It also exercises the Layers, and the wireframe retrieval system.

SDK Files

At this point itís probably best to fire up Moray and the compiler and take a look at the sample plugin code. Load the PluginSDK workspace and browse through the four projects.

The following is a list of files in the base directory for the plugins that are provided. The source code is well-documented and should be pretty understandable. But since I have been looking at the code for quite a long time, some stuff may be confusing or unclear. In this case, please let me know, so that I can adapt either the code or the documentation.

Plugin.h contains the low-level interface definition of the plugin architecture. It defines return values and data structs as well as the actual function blocks (interfaces). This file is also included by Moray, so it defines all required aspects of the plugin interface.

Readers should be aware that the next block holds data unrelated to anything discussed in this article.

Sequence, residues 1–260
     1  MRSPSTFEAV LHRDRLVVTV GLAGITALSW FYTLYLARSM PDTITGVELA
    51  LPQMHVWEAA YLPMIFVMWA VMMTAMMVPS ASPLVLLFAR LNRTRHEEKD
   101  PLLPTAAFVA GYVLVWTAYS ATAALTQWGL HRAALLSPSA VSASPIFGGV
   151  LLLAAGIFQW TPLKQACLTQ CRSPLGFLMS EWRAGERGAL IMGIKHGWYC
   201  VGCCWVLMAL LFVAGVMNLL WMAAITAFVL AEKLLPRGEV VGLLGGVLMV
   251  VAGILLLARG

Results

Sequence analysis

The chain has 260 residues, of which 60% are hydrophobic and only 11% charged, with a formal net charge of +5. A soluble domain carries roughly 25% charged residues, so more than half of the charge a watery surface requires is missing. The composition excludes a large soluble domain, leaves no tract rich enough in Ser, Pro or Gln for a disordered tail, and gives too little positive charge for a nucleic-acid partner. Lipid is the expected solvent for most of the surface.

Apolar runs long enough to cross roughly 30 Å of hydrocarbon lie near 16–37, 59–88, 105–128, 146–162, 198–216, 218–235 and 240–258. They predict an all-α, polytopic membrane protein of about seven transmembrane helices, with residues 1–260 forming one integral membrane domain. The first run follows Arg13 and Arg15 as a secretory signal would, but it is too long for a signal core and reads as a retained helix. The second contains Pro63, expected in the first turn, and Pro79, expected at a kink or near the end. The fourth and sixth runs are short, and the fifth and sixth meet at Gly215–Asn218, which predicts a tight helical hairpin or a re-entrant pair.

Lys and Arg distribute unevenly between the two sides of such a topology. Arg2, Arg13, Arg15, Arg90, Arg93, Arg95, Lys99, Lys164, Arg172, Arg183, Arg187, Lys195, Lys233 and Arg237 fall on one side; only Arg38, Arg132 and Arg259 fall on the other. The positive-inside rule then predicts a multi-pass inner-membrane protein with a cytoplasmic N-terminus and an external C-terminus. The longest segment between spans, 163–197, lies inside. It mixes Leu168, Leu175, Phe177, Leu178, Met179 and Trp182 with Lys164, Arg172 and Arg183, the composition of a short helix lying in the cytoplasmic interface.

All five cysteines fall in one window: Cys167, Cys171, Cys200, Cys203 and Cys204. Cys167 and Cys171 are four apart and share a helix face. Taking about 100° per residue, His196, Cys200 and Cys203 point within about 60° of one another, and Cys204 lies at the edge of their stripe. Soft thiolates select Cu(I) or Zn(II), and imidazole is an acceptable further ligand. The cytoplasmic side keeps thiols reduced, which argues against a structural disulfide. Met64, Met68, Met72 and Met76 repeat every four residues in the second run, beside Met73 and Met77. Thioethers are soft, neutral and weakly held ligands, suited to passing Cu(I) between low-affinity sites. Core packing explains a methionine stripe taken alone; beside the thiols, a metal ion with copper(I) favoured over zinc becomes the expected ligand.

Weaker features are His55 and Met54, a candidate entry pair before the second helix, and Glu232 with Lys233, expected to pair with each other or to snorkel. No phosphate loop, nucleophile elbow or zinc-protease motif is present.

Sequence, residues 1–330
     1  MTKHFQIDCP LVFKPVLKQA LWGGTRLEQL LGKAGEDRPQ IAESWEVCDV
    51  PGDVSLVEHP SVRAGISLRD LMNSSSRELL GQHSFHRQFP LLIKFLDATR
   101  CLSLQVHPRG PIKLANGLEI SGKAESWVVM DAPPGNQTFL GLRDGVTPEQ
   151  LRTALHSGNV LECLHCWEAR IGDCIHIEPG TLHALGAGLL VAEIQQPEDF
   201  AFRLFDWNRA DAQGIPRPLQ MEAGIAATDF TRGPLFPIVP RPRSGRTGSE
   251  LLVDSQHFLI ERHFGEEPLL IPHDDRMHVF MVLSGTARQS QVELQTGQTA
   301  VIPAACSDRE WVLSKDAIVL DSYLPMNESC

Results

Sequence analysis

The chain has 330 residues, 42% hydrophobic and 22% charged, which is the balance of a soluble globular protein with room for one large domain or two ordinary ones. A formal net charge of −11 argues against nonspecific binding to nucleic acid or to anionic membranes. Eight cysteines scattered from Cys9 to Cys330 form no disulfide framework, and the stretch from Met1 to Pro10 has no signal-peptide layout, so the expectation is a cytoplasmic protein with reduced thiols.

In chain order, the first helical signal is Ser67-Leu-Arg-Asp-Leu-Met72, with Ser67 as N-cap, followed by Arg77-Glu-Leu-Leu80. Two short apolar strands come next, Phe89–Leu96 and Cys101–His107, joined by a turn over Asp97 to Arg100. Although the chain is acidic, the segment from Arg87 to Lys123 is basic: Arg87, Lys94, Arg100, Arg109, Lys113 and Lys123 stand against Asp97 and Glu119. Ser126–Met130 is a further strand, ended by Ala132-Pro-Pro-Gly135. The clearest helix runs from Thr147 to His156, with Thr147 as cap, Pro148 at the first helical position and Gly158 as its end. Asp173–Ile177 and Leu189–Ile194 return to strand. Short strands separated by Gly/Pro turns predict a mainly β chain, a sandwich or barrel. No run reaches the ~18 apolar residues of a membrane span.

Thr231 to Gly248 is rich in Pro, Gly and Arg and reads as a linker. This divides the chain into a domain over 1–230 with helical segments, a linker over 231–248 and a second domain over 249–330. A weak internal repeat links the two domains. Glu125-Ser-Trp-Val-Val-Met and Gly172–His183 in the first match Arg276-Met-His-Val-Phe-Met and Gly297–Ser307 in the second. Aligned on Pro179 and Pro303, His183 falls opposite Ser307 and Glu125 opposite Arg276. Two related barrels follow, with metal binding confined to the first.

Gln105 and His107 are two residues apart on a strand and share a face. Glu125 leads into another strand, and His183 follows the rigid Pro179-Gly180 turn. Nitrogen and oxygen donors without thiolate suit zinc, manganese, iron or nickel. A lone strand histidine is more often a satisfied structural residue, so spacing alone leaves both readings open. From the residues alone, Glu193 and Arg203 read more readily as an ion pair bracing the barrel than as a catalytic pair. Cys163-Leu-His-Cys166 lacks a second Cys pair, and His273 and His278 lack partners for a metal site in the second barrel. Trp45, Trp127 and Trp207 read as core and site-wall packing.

PluginObj.hpp contains the base class definition that C++ objects can use.
PluginObj.cpp contains the class implementation.
PluginHelpers.hpp contains macros to provide high-level support for the interfaces.
PluginDebug.cpp contains some debugging and logging functions for your convenience.
MFCPluginApp.h contains the CWinApp-derived base class that MFC-based plugins need to derive their application class from.
MFCPluginApp.cpp implements the CWinApp-derived base class.
MFCPluginDialog.h contains the CDialog-derived base class that MFC-based plugins need to derive their object dialogs (for inclusion in Morays Modify Tab) from.